I’m oddly optimistic. It’s like I’m paying $130 for a forced staycation. All my clients are understanding and none need anything right now.

So, as part of my forced time off, I decided to catch a movie tonight with Child 1, the only family member who was both home and willing to go see “Snowpiercer”, an apocalyptic SF tale that’s a cross between “The Road Warrior” and “Murder on the Orient Express”.

The first two-thirds of the movie captivated me despite some wooden acting on the part of the lead, whom I didn’t recognize but whom Child 1 informs me is Captain America. Everything else worked.

I can’t say I’m disappointed with the final third of the film because the theatre and the mall it is in suffered a – yes – power failure. We sat in the dark for 15 minutes before the theatre staff decided that there wouldn’t be time to show the rest of the late show. They gave each of us a free admission and an offer to come see the rest of the movie at another time.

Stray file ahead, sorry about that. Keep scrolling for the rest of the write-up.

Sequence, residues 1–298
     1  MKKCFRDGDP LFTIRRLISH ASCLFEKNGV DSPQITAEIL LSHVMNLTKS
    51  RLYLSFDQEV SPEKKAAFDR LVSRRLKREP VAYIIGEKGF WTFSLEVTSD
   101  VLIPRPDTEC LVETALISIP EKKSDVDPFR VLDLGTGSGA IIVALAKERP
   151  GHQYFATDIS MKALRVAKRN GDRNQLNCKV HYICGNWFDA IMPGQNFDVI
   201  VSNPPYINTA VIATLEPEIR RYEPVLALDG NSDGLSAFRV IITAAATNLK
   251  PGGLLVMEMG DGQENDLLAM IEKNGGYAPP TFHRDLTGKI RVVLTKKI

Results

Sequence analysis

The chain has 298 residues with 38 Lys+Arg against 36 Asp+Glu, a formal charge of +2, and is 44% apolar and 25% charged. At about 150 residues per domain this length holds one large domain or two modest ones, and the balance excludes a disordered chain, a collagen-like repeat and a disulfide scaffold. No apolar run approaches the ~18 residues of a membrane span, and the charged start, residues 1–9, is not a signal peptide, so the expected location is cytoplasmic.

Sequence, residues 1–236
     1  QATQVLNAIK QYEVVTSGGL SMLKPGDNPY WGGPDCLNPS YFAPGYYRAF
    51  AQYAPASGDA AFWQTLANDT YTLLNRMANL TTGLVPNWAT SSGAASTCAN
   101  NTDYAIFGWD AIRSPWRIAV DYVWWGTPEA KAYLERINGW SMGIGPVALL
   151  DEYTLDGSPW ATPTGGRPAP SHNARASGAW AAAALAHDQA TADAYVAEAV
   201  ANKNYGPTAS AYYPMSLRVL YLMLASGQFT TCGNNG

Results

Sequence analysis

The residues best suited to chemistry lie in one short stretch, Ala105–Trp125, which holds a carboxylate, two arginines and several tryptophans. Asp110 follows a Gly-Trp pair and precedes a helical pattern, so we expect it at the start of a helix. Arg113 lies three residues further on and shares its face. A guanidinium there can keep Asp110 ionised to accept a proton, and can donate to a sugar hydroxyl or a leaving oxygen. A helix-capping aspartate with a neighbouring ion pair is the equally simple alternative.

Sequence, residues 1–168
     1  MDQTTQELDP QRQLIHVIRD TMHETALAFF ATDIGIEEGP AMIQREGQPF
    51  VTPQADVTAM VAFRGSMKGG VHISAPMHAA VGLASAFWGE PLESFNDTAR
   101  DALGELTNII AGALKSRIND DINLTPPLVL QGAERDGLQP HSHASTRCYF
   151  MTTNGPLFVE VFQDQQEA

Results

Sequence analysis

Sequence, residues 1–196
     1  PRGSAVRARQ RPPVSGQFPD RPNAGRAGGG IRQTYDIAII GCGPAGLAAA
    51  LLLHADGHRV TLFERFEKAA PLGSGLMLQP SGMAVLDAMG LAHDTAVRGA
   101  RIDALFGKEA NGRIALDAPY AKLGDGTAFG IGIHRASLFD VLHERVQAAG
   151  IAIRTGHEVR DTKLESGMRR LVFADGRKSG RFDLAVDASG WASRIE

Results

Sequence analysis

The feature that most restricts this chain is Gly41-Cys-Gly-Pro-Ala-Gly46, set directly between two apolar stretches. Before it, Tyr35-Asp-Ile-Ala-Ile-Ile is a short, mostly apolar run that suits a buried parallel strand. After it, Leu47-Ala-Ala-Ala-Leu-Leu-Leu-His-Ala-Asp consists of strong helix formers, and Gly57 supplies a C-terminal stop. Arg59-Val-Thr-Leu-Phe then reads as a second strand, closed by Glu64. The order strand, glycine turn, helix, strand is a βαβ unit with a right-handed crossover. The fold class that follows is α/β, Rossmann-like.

All I need now is a mutant name. I’m thinking of the Brown-Out Aura.

I’m a genius

I’ve been working as a webmaster for one of my non-technically inclined clients since the start of 2011.

It’s not a straightforward effort. I didn’t design the site but inherited it. What I got was a mess.

From what I could tell, the original design crew created the site in standard sophisticated HTML. At some point, they started to migrate the site into WordPress.

There are two problems there. Firstly, they did not complete the site’s migration. I took charge of a mess that is half in the WordPress CMS and half in the original HTML format. My clients have been loath to pay for a new site design so my job is to keep what’s there running smoothly.

A second issue lies in the WordPress design. They produced what I have to work with in WordPress 3.0.1 and created a custom theme based on the Twenty Ten theme.

I’m not sure how or why, but any attempt to upgrade WordPress beyond version 3.0.1 irretrievably breaks the site. The custom theme stops working. To restore it, I have to upload a copy of the WordPress installation that I keep on my hard drive for just such emergencies.